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  • Under CSRS offset, your Social Security benefits would be slightly reduced, but your CSRS Offset benefits would be increased by almost the same amount. Participating in premium conversion is most likely a benefit to you.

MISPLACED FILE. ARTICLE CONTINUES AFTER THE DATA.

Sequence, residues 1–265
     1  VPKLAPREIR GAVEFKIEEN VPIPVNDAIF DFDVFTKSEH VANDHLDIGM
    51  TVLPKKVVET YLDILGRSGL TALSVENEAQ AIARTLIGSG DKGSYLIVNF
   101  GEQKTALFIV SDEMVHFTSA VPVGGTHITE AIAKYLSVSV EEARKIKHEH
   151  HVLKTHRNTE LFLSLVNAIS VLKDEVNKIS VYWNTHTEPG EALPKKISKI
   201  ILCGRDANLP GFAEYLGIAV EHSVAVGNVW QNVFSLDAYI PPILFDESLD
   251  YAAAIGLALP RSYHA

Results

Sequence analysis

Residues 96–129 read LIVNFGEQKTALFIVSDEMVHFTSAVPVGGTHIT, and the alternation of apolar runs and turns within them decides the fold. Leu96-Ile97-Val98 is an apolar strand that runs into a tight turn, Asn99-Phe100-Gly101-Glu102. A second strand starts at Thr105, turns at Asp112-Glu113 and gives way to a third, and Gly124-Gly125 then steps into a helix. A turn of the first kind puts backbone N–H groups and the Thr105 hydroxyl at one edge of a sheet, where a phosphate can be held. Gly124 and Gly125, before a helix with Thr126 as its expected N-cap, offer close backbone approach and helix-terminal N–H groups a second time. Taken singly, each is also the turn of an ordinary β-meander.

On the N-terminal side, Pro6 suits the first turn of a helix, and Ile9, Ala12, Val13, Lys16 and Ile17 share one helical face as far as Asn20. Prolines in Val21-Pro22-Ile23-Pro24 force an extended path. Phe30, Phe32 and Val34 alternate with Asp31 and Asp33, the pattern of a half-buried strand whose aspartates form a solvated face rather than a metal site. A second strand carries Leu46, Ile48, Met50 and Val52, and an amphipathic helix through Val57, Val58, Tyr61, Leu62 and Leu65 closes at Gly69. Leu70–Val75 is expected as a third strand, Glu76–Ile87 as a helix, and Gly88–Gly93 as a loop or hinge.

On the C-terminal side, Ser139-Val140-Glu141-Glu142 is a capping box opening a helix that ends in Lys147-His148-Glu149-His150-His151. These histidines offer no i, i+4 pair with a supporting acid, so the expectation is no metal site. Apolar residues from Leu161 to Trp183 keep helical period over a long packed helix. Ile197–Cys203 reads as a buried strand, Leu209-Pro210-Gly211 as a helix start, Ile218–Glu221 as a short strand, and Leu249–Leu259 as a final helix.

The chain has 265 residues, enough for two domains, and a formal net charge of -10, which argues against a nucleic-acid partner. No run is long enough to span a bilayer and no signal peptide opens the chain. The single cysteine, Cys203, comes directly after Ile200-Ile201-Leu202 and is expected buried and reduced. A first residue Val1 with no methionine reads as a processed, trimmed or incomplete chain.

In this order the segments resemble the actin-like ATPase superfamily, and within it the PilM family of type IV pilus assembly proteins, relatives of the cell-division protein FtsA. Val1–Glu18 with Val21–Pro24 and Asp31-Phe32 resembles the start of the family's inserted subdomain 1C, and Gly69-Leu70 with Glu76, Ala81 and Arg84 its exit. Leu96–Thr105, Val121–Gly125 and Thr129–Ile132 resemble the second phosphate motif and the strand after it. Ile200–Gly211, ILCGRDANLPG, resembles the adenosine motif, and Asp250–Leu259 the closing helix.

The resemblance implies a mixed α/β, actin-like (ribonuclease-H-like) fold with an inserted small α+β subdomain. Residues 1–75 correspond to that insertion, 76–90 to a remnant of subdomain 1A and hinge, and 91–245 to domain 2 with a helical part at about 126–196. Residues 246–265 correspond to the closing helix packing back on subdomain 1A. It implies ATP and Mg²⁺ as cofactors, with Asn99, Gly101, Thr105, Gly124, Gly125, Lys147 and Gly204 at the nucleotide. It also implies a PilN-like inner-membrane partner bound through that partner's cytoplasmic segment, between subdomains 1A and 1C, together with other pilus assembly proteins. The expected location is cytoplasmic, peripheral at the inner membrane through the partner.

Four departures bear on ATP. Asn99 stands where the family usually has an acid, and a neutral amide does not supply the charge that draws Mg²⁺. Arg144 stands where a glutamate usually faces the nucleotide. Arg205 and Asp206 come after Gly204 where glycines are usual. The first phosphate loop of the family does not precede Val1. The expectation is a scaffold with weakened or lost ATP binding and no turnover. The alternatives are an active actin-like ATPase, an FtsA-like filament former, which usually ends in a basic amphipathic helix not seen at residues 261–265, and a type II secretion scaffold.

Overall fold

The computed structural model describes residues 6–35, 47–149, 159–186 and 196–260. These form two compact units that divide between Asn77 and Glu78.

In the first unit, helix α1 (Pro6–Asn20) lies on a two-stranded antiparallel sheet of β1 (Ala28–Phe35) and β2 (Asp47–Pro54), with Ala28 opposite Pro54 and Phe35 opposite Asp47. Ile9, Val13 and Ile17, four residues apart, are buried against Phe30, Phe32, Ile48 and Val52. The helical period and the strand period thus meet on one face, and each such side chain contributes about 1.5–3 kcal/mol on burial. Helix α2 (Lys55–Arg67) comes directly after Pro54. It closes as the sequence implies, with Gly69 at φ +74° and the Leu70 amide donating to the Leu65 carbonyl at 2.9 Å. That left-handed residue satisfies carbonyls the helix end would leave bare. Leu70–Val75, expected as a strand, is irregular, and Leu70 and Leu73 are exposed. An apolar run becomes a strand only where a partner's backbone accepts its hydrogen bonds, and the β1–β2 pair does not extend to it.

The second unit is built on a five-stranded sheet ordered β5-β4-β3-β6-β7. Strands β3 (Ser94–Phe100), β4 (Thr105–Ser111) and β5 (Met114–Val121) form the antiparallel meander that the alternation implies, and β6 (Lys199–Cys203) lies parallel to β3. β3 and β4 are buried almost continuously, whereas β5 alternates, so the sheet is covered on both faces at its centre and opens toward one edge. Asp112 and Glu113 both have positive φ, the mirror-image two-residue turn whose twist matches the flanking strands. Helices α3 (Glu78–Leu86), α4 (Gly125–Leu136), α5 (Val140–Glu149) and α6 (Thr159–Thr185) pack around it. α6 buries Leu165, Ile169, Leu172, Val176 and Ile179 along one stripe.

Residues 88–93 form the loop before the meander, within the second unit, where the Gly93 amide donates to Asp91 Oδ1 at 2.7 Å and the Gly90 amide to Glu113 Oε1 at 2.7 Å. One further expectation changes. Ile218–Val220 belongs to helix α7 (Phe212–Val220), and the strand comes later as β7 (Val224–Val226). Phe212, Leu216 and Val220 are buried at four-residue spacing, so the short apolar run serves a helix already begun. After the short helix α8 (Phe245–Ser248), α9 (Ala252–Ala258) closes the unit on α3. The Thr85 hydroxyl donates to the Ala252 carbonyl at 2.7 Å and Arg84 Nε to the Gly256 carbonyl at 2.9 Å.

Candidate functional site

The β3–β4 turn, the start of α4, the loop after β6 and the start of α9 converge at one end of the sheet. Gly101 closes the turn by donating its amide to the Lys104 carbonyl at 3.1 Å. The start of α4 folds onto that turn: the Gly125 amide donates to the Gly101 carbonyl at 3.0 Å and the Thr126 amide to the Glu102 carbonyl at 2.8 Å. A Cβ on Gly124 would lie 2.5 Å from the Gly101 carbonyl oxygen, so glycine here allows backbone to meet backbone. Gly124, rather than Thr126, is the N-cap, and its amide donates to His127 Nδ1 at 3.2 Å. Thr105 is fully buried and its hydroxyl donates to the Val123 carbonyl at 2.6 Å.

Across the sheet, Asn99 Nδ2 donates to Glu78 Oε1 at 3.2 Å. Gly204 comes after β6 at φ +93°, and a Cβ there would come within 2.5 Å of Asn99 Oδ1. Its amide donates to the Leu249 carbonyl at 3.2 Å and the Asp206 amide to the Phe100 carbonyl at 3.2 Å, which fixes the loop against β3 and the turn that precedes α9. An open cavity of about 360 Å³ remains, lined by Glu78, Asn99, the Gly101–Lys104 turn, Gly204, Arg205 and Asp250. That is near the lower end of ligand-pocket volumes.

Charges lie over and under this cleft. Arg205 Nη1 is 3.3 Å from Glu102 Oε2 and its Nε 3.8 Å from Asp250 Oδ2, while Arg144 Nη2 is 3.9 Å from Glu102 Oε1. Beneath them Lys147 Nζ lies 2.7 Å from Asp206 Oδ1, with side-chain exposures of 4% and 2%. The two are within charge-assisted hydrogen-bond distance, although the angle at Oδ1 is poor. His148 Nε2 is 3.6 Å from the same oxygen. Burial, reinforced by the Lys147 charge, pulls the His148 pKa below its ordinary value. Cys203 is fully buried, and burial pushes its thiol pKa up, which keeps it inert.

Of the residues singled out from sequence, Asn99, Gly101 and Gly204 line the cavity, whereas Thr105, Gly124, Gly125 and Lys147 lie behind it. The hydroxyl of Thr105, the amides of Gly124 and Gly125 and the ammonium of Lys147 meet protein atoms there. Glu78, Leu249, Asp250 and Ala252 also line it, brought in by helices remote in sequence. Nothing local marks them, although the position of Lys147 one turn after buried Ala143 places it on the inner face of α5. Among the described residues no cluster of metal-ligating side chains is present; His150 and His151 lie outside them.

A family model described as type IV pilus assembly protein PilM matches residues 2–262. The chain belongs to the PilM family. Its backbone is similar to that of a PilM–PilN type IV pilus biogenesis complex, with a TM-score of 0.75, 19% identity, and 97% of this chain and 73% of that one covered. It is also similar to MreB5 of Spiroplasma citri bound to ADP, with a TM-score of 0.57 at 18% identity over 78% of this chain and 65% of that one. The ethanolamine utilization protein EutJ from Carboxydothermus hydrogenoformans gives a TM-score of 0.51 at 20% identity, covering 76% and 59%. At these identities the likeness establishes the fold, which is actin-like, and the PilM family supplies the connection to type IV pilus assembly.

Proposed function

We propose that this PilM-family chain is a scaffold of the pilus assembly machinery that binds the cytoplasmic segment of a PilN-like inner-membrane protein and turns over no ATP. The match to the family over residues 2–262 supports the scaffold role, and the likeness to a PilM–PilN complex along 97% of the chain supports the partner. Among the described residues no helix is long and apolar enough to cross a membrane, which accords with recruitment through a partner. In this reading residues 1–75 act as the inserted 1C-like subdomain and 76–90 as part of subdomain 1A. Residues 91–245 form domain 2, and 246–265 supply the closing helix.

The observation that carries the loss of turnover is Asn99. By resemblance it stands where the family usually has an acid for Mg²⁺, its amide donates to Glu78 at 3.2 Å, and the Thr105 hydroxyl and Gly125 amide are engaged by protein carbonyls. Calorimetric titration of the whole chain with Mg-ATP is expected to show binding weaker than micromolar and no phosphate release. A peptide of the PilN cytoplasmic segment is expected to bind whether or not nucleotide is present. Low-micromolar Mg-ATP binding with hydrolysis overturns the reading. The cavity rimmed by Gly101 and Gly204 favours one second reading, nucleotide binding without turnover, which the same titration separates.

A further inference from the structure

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  • Pay-As-You-Go Under the Pay-As-You-Go option, you pay your share of the FEHB premium directly to your employing agency while on LWOP. These payments will generally be made with after-tax monies, since there is no pay from which to make deductions.   Catch-Up Most employees who have a period of LWOP choose to pay their FEHB premiums via the Catch-up option. Under this option, the agency remits your share of the FEHB premium to OPM while you are on LWOP. You incur an obligation to your employing agency and are required to repay it upon your return to pay status. The repayment of the amount owed will be treated on a pre-tax basis, if it's deducted from pay and you participate in premium conversion at the time the deduction is made. If you choose to repay the amount owed to your agency directly out-of-pocket your taxable income is not reduced. Prepay Your agency may (but is not required to) offer you the option to prepay your FEHB premium from salary before you go on a period of LWOP. The amount of FEHB premiums you prepay in advance may either be deducted from your pay or paid directly "out-of-pocket" to your agency. Payments made "out-of-pocket" do not reduce taxable income. The amount of FEHB premiums that you prepay will be treated on a pre-tax basis, if it is deducted from your pay and you participate in premium conversion. IRS rules limit the amount you may prepay on a pre-tax basis. If your period of LWOP will span two tax years, the amount that you may prepay on a pre-tax basis may not exceed the amount of FEHB premiums due for the remainder of the current tax year. If you wish to prepay the amounts due for the subsequent tax year as well, the deductions must be made after-tax. You may use the "Pay-As-You-Go" or Catch-up options for amounts due in the subsequent tax year. Example Sam A. participates in premium conversion and had $100 per month in FEHB premiums deducted from his pay. He will go on LWOP for three months beginning on October 31, 2002 and opts to continue his FEHB coverage. Mr. A. uses the pre-pay option to pay from his salary the $300 in FEHB premium payments that will be due while he is on LWOP. Mr. A. will receive pre-tax treatment for only $200 of his FEHB premium prepayment- the amount he will owe for the months of November and December 2002. The remaining $100 prepaid – the amount due for January 2003 – must be given after-tax treatment.